Tayside mental health nurses to attend Abertay mental health recovery day26 April 2013
Mental health nurses and student nurses from across Tayside will gather at the University of Abertay Dundee on Tuesday (April 30) to discuss the concept of recovery in mental health.
The event will be an exciting opportunity for those working in mental health to come together under one roof and discuss best practice on this important issue.
2nd and 3rd Year mental health nursing students from the University will attend the event. It will be a chance for them to meet with, and learn from, contemporary thinkers and senior practitioners within the NHS and mental health organisations, such as the Scottish Recovery Network and Penumbra, who are actively involved in working with service users and promoting recovery.
Speakers at the event include:
Karen Robertson – Associate Nurse Director for mental health and learning disabilities, NHS Tayside
John McCormack – Network manager, Learning and development, Scottish Recovery Network
James Kennedy – Practice development nurse, Angus adult integrated mental health services, NHS Tayside
Emma Lamont – Mental health nurse lecturer, University of Abertay Dundee
Mandy McLernon – Penumbra, Scotland.
Recovery is a vital part of the journey for anyone experiencing a mental health difficulty. This philosophy is known to promote hope and optimism, a meaningful life and empowerment.
Understanding continues to grow amongst service users, mental health professionals and scholars, with new opportunities emerging regarding how recovery can be realised and supported by those working in the field of mental health.
Organiser of the event Emma Lamont, Lecturer in mental health nursing at Abertay University, explains:
“People can and do recover from mental health difficulties – they build resilience, overcome adversity, discover strengths and can find meaning through working, further education, volunteering, sports and creative expression.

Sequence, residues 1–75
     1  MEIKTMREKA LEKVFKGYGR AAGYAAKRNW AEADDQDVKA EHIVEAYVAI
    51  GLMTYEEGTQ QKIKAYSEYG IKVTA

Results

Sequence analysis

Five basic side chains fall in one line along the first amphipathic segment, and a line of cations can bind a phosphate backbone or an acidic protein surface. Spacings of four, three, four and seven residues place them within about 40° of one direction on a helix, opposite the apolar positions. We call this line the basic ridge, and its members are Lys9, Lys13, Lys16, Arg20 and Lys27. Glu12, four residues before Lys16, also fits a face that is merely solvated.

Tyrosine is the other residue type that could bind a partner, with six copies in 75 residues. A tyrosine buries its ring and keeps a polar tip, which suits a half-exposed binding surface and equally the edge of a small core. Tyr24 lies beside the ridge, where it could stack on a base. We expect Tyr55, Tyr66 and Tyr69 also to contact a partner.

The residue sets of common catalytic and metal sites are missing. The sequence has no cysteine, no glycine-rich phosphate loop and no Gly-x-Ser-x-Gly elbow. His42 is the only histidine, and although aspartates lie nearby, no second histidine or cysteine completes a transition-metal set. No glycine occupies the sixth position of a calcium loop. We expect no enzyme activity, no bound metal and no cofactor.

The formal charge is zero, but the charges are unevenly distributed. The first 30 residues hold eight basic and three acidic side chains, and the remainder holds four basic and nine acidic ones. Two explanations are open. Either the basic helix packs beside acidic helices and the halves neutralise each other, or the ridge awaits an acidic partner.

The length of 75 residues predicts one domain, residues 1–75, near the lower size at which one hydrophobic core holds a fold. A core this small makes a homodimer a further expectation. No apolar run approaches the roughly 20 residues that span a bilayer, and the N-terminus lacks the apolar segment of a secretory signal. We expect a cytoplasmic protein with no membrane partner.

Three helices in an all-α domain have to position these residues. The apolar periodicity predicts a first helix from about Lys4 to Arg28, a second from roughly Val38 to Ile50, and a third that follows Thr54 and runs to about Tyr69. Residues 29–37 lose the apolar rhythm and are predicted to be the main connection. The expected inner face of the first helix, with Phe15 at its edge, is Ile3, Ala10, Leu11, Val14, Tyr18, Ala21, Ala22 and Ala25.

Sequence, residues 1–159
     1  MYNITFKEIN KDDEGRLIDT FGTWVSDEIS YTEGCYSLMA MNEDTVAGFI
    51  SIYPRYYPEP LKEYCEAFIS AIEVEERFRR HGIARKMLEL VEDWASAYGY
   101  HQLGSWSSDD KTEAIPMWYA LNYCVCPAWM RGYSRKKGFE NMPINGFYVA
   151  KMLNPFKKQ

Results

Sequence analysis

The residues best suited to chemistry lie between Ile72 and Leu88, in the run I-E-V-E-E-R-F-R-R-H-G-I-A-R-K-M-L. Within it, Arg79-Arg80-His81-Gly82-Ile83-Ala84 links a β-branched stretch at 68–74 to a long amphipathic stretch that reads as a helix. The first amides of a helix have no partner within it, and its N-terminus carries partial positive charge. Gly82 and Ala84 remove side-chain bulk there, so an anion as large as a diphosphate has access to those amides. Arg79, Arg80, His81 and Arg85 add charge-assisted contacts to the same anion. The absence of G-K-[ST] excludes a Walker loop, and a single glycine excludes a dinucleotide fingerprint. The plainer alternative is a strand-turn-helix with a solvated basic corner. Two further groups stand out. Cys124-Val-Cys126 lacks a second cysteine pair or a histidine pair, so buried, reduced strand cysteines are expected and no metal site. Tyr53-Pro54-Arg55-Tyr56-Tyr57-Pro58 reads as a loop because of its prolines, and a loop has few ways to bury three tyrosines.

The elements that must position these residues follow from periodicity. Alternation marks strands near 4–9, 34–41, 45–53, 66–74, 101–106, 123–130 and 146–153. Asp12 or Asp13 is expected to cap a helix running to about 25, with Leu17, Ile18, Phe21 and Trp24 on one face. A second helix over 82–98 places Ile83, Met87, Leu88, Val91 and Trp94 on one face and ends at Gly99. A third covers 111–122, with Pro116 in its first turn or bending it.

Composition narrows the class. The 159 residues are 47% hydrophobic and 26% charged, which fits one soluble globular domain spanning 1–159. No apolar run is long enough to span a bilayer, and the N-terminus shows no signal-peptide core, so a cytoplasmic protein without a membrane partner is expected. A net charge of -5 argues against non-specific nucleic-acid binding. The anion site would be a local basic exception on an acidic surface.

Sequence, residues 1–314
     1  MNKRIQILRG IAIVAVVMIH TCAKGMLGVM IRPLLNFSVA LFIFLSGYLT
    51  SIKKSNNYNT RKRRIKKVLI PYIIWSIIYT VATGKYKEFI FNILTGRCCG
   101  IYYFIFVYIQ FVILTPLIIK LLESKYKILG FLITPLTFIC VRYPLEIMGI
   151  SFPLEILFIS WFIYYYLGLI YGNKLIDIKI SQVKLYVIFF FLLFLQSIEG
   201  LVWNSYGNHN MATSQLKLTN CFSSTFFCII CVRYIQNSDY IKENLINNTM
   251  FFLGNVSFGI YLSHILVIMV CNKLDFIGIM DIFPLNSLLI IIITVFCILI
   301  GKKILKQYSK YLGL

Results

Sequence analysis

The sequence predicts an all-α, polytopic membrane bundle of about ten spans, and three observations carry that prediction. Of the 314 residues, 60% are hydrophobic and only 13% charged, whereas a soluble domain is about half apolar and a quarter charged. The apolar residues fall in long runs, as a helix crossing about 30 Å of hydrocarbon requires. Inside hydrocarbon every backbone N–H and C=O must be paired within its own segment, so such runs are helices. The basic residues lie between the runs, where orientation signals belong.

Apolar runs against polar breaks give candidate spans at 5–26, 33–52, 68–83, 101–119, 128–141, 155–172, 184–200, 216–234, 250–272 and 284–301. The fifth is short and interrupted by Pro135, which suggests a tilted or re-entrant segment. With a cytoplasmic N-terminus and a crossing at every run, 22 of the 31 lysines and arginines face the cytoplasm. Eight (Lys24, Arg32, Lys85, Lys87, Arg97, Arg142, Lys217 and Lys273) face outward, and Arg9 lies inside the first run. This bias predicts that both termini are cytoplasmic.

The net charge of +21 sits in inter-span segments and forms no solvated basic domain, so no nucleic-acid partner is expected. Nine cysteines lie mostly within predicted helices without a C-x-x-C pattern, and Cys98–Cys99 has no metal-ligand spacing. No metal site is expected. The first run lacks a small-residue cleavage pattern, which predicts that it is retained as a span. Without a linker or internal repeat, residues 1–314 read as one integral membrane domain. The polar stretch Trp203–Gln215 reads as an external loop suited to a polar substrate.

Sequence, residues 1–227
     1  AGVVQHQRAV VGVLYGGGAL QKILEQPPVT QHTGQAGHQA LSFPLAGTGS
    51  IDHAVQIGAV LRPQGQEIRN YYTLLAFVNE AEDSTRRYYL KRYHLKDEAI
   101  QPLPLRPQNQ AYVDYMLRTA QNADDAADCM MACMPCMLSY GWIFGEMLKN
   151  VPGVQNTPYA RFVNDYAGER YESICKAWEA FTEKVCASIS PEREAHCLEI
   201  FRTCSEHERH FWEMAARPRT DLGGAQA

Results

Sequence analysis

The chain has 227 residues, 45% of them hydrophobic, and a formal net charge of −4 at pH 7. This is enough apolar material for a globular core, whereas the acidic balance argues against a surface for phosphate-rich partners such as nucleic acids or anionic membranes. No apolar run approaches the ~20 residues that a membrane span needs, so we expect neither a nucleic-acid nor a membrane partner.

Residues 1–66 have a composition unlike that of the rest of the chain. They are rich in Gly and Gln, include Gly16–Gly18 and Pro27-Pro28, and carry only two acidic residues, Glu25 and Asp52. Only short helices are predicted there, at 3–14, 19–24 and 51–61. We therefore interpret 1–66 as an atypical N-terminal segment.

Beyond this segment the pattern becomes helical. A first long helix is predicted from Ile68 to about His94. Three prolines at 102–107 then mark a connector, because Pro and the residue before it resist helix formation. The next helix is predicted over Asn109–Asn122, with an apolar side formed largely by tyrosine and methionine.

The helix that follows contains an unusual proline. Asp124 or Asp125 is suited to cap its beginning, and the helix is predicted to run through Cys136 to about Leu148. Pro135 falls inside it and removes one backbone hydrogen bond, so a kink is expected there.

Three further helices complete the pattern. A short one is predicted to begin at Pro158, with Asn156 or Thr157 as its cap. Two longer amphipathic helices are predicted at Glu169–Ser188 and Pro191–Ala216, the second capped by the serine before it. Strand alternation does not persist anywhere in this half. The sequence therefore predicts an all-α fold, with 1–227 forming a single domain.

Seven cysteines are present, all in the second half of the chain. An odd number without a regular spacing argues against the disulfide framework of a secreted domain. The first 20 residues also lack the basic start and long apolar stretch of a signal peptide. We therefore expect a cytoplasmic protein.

“Mental health nurses are in a prime position to build relationships with people to promote their recovery and realise their full potential, but it’s important to understand that it can be a long and arduous process.
“Despite a lot of stigma continuing to surround mental health, there have been a great many positive changes in recent years, and there is a lot of hard work taking place across Tayside to change people’s perceptions.
“Monday’s event will be hugely beneficial to our students, as learning about recovery is a key part of their curriculum, and getting to talk to those with first hand experience will help broaden their understanding.
“Recovery is such an important part of mental health and wellbeing, but it can be challenging to fully understand, because each person’s recovery is individual to them. So it’ll be a useful event for the speakers and attendees as well, as they’ll be able to share their experiences with each other, help each other find solutions to problems they may be facing, and exchange ideas about how to continue promoting recovery within the healthcare setting in which they work.”
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Notes to Editors:
Abertay University has been teaching nursing since the mid 1970s and is set to create a centre for excellence in mental health nursing over the coming years.
The Scottish Recovery Network describes recovery as follows:
“Recovery is being able to live a meaningful and satisfying life, as defined by each person, in the presence or absence of symptoms. It is about having control over and input into your own life. Each individual’s recovery, like his or her experience of the mental health problems or illness, is a unique and deeply personal process.”
For further information about the Scottish Recovery Network, please visit: http://www.scottishrecovery.net/
For further information about Penumbra, please visit: http://www.penumbra.org.uk/
For further information about NHS Tayside, please visit: http://www.nhstayside.scot.nhs.uk/Back to News